Eastern philosophies and cultures, including medicine, have always recognized and acknowledged the unity of mind, body and emotions. Western culture and philosophy, on the other hand until recently, have taken a very dualistic approach to healing. Still, within that dualistic approach there has been an unacknowledged recognition of the impact the emotions have on the body and vise versa.
Try this: close your eyes, imagine you’re hearing the most beautiful music. It gives you goose pimples. Let yourself feel the goose pimples. What are the emotions that go with hearing that music? Now, someone in the orchestra hits a discordant note. What happens in your body and what are the feelings that go with that discordant note?
Now imagine someone is hollering at you. You feel angry. How do you know you are angry? What are your body’s clues, and what do you feel like doing? What is going on in your body that tells you are angry; or, in reverse, you have a pain in the neck. What are the emotions that go with that pain in the neck? Is there someone you want to tell to get off your back?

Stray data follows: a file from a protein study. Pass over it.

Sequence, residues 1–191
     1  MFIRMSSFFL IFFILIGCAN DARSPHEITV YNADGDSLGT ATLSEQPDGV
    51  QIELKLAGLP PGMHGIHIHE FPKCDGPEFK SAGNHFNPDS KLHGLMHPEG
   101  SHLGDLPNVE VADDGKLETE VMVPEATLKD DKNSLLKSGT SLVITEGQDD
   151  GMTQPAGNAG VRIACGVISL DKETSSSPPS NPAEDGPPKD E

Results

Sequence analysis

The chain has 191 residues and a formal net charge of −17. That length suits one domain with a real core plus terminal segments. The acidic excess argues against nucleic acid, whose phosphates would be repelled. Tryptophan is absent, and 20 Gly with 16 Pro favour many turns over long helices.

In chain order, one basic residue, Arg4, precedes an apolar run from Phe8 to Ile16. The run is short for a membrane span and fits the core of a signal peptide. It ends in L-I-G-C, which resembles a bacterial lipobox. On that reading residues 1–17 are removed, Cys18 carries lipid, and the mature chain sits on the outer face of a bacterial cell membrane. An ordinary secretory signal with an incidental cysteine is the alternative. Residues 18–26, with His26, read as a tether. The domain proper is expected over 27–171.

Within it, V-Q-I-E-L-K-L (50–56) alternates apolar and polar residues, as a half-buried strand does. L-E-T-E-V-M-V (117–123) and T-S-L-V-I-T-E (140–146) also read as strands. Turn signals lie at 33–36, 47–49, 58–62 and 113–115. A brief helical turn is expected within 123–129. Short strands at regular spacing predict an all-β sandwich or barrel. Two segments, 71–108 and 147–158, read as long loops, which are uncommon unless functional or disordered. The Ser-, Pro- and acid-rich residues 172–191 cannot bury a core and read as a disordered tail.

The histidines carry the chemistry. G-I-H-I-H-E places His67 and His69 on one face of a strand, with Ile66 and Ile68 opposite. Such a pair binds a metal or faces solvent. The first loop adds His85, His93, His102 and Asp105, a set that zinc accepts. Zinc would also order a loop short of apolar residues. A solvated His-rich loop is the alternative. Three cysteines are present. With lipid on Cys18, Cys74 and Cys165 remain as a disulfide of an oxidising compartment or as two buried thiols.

Are you sometimes so overcome with emotion that you feel weak in the knees? Have you ever been broken-hearted?
These are just a few examples illustrating the mind/emotion/body connection. Self-awareness is Somatic – in the body. Therefore, the most effective way in which to relearn and work through early emotional deprivations and emotional traumas is to deal with the body – emotional holding patterns that are fixed and held within the body. Recognizing the mind/emotion/body connection and working with it enables people to expand their options and to find their voices so that they may be truly present in the world.
I would love to speak with you about this. What do you do when you feel this way? Please feel free to call me at 415-474-6707 or email me at firstname.lastname@example.org.